Myths and Understanding – How They Will Work Against You If You Buy Into Them
There are many factors that can make or break your level of success with a staffing service. There are many factors that can make or break your level of success with a fortune 500 company. Why is it that people see them differently when they are actually the same?
In the second part of this three part series, let’s take a look at a few myths or things that create misunderstanding. I am not trying to make excuses for staffing services (although, there are no excuses for some of them), but knowledge creates understanding. Sometimes, knowing the reasons a service may do certain things, makes it easier to understand and what actions you can take to make your experience a successful one.
Staffing services hire everyone who walks in the door – No, they don’t. Does anybody? So why do people go into an interview with a staffing service with that impression and then complain that they never hear from the staffing service. A first impression always counts.
They don’t have real jobs or they’re not a real company. – Then who are these people working for and what are they doing? Getting great jobs and starting great opportunities, that’s what they are doing. Temp workers made up over one-third of the job gains last month. There were over 2.5 million temp workers in the first quarter of 2012.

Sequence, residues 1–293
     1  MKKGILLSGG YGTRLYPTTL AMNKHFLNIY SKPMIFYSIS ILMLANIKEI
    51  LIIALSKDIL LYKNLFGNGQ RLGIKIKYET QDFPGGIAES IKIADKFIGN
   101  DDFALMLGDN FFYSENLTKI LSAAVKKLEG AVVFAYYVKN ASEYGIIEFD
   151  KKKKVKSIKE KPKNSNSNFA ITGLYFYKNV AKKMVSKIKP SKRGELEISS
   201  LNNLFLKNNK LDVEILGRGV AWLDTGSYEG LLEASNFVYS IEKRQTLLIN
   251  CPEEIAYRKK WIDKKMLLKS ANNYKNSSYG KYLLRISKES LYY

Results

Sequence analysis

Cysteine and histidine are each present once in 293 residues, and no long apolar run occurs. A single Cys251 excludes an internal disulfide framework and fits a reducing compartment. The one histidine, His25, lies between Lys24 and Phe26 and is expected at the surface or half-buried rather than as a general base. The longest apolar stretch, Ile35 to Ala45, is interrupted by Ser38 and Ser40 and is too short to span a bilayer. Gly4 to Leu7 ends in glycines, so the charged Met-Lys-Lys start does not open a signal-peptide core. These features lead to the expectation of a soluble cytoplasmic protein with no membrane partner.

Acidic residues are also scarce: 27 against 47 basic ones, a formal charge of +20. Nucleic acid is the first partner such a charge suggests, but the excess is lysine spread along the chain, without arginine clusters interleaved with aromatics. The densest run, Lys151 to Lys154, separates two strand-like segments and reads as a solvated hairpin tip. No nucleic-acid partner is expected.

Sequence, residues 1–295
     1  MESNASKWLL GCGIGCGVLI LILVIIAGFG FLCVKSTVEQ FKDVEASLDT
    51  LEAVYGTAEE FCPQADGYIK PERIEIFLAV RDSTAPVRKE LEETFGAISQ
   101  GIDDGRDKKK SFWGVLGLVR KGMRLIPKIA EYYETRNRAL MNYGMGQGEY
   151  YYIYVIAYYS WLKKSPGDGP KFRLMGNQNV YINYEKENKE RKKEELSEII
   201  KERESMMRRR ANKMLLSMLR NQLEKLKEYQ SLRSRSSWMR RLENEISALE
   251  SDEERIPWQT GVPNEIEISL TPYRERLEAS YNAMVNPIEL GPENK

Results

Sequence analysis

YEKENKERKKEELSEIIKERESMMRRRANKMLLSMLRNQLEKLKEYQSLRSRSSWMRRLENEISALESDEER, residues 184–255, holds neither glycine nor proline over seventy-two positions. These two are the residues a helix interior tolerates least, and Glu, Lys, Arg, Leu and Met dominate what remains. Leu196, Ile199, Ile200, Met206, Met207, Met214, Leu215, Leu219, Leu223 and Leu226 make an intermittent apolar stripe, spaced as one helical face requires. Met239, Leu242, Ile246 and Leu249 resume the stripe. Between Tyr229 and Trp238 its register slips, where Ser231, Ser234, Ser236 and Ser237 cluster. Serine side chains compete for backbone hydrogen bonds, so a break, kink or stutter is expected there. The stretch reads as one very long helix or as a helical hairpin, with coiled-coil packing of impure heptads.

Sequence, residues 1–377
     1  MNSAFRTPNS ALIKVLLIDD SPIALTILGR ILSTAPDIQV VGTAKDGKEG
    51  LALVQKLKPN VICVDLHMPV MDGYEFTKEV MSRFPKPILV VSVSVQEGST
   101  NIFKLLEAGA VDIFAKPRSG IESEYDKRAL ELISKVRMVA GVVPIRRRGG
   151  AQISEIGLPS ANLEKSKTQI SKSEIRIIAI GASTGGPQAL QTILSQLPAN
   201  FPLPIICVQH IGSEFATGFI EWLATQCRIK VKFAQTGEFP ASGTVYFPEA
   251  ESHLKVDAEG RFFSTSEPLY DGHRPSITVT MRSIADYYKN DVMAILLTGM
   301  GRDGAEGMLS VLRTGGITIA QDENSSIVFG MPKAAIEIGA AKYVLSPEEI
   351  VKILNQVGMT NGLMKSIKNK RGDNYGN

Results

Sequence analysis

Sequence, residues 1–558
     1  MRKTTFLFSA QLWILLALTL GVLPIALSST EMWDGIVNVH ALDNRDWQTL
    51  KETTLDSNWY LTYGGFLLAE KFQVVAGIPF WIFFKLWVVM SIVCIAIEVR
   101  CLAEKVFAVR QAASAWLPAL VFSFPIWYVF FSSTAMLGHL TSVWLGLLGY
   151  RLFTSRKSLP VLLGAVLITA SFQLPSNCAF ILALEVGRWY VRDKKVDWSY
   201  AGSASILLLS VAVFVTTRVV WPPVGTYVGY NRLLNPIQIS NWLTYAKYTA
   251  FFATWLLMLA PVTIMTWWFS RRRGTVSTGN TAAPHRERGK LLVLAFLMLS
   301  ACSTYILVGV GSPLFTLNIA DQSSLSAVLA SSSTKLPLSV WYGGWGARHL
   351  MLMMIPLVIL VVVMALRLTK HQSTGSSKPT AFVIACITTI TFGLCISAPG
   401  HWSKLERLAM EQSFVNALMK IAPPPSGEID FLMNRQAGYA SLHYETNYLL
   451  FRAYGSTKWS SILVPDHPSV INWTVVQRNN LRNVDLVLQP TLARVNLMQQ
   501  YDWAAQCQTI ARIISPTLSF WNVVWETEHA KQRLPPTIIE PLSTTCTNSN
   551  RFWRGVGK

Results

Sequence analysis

They never really hire people or They just interview to fill up their database – If they don’t put people to work, they won’t be in business long. However, sadly, there are staffing services that require their recruiters to interview a certain number of people each week regardless of whether they have an open position; such a waste of everybody’s time in our opinion.
Often, a service will get a call asking for a person to start the next day; sometimes at 4:30 or 5:00pm, which is a staffing recruiter’s worst nightmare coming to reality, that end of the day call. The client wants the person to start the next day. The service doesn’t have time to start the recruiting process. If they don’t have someone, the client often calls another service and they lose that opportunity.
Understand that a staffing service only makes money when you are working. It is in their best interest to place you on assignment and not just any assignment. That will work against them with the client. The client wants what they want, when they want it. If the service takes too long to supply the client with résumés or to set-up interviews, the client goes elsewhere. But, just because you don’t get that job, doesn’t mean you won’t get other opportunities with future orders. It might be disappointing, but remember: The first impression counts. And it counts all of the time.
They’ve never called me since I registered – The better question is, have you called them since you registered? There can be literally hundreds of people who are currently contacting the recruiter, have contacted and following up or are already in their database looking for a job. You want a job. Show that you want it, professionally. Calling and scolding your recruiter will not move you to the top of their list.